It’s not every day that a king and a president get bumped from giving speeches. But it’s happened for Muhammad Ali’s memorial service set to take place in Louisville, Kentucky, on Friday.
Turkish President Recep Tayyip Erdogan and King Abdullah II of Jordan had been scheduled to speak at the service at the KFC Yum! Center but Ali family spokesman Bob Gunnell said Monday that two other speakers will be added to the current program, meaning there won’t be room for foreign dignitaries.
Gunnell said both their offices were “gracious and understood.” He said the names of the two additional speakers will be revealed later Monday.
The ceremony, which will be presided over by California imam and scholar Zaid Shakir, will be opened by representatives of multiple faiths, including Islam, Judaism, Christianity, Buddhism, Mormonism and Catholicism. They will be followed by speeches from Ali’s wife, Lonnie Ali; daughter Maryum Ali; former US president Bill Clinton; actor Billy Crystal and sportscaster Bryant Gumbel.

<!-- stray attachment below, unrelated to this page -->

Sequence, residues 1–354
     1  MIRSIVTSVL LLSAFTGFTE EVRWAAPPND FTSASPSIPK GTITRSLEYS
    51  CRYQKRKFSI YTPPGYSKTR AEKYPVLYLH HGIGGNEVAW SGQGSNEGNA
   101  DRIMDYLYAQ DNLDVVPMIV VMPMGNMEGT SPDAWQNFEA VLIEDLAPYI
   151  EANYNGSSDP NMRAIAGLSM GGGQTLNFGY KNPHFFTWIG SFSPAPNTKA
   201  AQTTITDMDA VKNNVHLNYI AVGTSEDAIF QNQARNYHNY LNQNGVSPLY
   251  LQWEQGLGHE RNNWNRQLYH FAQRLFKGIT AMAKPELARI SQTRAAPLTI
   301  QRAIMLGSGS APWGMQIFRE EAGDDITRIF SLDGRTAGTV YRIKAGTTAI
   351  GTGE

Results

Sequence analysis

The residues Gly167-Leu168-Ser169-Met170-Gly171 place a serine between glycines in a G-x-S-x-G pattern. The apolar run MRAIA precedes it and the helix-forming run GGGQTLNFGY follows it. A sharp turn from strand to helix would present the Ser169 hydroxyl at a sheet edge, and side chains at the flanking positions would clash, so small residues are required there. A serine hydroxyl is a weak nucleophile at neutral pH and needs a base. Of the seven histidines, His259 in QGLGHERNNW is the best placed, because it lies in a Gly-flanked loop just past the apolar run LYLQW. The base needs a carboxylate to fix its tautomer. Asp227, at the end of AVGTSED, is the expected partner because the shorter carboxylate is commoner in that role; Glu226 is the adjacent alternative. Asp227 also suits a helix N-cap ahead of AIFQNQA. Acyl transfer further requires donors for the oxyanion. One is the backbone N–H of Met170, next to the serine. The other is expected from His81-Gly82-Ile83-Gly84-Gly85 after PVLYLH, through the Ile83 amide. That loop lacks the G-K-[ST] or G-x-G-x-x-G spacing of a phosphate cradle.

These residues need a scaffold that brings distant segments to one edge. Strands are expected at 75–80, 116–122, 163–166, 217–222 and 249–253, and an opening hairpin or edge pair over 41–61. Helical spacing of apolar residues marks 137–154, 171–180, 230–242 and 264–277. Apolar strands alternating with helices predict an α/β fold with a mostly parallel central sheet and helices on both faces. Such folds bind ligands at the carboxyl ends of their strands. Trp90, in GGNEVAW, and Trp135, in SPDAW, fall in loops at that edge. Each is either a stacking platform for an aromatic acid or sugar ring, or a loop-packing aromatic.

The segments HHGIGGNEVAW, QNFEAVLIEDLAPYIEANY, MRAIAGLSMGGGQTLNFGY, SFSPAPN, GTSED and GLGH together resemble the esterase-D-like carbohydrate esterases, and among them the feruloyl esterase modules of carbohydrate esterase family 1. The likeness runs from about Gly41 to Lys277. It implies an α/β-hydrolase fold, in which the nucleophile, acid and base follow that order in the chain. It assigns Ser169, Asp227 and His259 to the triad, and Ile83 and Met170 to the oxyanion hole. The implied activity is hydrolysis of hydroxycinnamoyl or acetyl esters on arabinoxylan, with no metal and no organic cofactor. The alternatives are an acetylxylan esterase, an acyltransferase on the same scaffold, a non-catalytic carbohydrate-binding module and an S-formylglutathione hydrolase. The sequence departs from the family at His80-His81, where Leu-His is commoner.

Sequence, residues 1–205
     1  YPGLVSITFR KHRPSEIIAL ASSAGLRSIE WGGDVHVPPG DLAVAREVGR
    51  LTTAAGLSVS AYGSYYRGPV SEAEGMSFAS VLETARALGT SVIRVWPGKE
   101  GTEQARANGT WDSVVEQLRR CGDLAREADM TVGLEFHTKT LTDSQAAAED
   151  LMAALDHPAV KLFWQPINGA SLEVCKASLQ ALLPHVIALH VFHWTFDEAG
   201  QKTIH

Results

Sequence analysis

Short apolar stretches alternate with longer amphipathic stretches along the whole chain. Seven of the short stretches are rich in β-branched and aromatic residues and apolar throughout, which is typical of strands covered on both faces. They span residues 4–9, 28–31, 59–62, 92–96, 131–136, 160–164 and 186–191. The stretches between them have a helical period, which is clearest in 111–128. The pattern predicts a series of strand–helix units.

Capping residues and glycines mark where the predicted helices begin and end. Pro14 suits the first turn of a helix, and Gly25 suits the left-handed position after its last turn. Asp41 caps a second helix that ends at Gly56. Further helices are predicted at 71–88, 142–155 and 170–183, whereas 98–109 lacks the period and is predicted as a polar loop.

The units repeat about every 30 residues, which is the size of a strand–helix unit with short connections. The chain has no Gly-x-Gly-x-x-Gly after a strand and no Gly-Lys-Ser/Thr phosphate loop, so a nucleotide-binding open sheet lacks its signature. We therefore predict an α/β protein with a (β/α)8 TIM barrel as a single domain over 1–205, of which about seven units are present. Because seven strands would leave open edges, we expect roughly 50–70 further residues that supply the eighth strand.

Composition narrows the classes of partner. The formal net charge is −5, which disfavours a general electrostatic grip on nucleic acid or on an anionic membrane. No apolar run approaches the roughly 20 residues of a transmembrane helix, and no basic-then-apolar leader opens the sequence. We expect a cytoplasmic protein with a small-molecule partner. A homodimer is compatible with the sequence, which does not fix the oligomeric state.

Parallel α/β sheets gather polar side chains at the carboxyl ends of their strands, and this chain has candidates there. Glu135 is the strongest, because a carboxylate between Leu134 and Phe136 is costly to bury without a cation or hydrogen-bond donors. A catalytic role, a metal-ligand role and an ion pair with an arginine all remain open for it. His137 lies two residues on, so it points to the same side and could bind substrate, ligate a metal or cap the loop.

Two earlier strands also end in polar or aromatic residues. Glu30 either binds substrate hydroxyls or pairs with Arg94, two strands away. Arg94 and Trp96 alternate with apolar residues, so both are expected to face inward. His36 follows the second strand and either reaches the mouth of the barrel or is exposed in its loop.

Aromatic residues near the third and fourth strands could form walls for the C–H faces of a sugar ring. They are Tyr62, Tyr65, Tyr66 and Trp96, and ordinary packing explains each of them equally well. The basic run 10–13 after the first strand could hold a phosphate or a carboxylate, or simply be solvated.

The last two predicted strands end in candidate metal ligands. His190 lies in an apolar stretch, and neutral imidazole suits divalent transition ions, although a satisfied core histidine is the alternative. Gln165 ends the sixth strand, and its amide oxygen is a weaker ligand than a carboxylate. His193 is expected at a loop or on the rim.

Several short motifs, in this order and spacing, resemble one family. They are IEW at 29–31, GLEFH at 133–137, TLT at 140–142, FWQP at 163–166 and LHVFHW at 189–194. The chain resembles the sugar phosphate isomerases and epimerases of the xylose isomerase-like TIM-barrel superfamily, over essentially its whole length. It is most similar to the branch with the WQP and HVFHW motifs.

Gunnell did not confirm whether US President Barack Obama would attend, and the White House has given no indication of his plans.
The actor Will Smith and former boxing world champion Lennox Lewis will serve as pallbearers together with six other people.
Organizers said that the three-time world heavyweight champion helped plan the ceremony himself as a “last statement” to the world.
The charismatic Ali, a dazzling fighter and outspoken civil rights activist who became one of the 20th century’s towering figures, died last Friday at age 74 after health problems complicated by a long battle with Parkinson’s disease.
The Louisville funeral will be preceded on Thursday by a family funeral and an Islamic prayer service, held in the 18,000-seat Freedom Hall that hosted Ali’s last fight in Louisville, against Willi Besmanoff in 1961.
The following day, Ali’s coffin — which arrived in the city on Sunday aboard a private plane accompanied by his wife and other relatives — will be paraded through the streets for fans from around the world to say goodbye.
“He was the people’s champ and so he wanted that memorial service to reflect that,” Gunnell said.
Islamic studies scholar Timothy Gianotti stressed that “this was really designed and intended by the Champ himself to be his last statement to the people of planet Earth.”
“The love and the reverence and inclusivity that we are going to experience over the coming days is really a reflection of his message,” he added.
Times of Israel staff contributed to this report.